Super Pride was established by Charles Thurgood Burns (1915-1991) in 1970 when he took over the bankrupt “Super Jet Market” located on East Chase Street. Renaming the business Super Pride, he restored the business to profitability within three years despite the challenge of some food companies that refused to work with a black-owned store. Burns had started in the grocery business around 1921 delivering groceries for the small store his grandfather owned on Dolphin Street. He sold vegetables, produce and fish out of the back of a cart during high school and college then later became the co-owner of Hilton Court Chain of Ethical Pharmacies – a business that according to Burns’ obituary, “catered to the needs of black consumers at a time when white-owned businesses ignored them.”
Between 1970 and 1990, Super Pride grew to seven locations, employing more than 400 people, and making over $43 million in annual sales. Under Burns’ leadership, Super Pride sponsored Black History Month activities and supported the Arena Players. By the late 1990s, however, the business struggled to compete against national chains and the city’s shrinking population. In the fall of 2000, Super Pride closed all eight of its locations and, in November, held an auction to liquidate the stores and their remaining equipment to satisfy creditors.
Over the past year, I’ve helped to start the Preservation Rightsizing Network to bring greater attention to the intersecting issues of historic preservation and “rightsizing” in cities like Baltimore. My participation in this project has sparked my interested in digging into the history of how vacant properties have been discussed and managed in Baltimore throughout our city’s history.
Initial research turned up a report from 1994 highlighting an initiative (“never tried before on a citywide scale in Baltimore”) by Mayor Kurt Schmoke to restore or raze vacant rowhouses. Digging back a bit earlier, I found discussion under Mayor Theodore McKeldin who sought and received a new local ordinance allowing the city to demolish houses after they had been “boarded” for ninety days or more. McKeldin tied vacant houses to public health and safety, remarking in 1964:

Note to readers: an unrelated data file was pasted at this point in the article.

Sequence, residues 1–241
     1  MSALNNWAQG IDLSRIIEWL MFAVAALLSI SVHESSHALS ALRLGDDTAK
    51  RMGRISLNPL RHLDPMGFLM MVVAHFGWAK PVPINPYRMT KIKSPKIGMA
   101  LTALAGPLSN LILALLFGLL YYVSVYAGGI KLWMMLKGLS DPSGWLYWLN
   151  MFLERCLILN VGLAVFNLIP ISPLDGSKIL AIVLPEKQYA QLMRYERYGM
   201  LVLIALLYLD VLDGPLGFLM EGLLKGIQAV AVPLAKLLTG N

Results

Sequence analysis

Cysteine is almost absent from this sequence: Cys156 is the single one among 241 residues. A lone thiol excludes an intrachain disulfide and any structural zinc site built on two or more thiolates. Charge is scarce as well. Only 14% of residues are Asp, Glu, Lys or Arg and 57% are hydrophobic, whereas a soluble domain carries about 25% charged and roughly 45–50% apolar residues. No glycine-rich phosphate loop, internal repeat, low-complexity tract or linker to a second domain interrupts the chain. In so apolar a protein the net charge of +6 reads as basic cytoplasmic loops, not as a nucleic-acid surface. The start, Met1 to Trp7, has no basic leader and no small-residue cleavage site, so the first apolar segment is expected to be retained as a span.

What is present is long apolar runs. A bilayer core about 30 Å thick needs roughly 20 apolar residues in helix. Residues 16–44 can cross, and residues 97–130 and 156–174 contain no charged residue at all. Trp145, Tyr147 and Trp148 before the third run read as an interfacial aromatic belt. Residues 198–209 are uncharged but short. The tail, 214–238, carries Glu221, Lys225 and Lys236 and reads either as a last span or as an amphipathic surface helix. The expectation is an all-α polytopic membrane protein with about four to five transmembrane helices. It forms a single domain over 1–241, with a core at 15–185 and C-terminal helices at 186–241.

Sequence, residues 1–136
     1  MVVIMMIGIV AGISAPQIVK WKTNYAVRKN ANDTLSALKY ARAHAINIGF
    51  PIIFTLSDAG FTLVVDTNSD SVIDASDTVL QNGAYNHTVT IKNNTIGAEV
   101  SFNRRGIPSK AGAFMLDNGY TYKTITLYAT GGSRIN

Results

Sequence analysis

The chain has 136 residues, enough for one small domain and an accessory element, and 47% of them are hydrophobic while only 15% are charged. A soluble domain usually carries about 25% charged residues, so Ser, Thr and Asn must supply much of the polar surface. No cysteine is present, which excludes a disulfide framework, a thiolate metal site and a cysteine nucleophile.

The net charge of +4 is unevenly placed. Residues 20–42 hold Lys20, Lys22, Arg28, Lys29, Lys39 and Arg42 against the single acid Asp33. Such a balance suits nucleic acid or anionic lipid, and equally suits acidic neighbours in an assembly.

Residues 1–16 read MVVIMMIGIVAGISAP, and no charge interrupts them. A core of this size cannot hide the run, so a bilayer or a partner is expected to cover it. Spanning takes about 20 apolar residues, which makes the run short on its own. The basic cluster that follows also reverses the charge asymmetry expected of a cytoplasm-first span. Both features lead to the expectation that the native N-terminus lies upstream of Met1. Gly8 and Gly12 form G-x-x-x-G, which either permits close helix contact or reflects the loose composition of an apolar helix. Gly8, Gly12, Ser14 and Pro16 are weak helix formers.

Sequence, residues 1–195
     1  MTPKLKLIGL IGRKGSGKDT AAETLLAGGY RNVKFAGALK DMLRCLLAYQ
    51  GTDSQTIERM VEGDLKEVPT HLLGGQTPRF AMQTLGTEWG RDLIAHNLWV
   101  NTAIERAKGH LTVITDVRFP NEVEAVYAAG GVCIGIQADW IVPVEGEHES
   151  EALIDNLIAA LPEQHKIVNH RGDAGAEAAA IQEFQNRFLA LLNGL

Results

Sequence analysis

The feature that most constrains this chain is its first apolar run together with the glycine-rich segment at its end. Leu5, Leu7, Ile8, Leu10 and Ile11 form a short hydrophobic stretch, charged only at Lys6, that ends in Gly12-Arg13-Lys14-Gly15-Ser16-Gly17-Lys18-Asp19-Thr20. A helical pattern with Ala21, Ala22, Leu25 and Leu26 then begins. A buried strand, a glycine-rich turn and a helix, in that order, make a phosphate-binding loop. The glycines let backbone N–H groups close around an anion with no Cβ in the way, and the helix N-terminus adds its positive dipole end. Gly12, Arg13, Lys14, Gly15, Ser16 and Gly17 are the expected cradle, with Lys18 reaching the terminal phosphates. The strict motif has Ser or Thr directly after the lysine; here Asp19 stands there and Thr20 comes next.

“Vacant houses not only have a blighting effect on the areas around them but they are also an open invitation to vandals and a potential hazard for children who attempt to play within such buildings.”
I was unsurprised to find these connections back to post-WWII urban renewal efforts but I am even more intrigued by the intense debate around vacancy that took place over fifty years before in the summer of 1910.
On August 21, 1910, the Baltimore Police Board Published a “complete census” to count all of the city’s vacant and occupied dwellings. A member of the prominent local real estate firm William Martien & Company had suggested the survey to the Secretary of the board, reportedly, “As a result of the agitation over the number of vacant houses.” The census found that the Northwestern district led the city with over 1,300 vacant dwellings. Realtor James Cary Martien pointed to the city’s rapid suburban growth and the aging core as the cause, remarking:
“The number of vacant houses in the city is due both to the many dwellings being built in the suburbs and the dilapidated condition of many in Baltimore”
In the weeks that followed the publication of the report, a series of letters to the Sun expanded on Martien’s summary and tied the issue to the fights over “negro invasion” and the aggressive efforts by some white elected officials and property-owners to enforce racial segregation in residential neighborhoods.
When some residents argued that high taxes brought on vacant and abandoned houses, one northwest Baltimore resident wrote back under the name “Pure White” in a letter published on August 27 —
“Taxes may, and I presume do, have something to do with it; for our taxes are inordinately and unnecessarily high, but the possibility, and indeed the probability, of the negro neighbor is the main reason…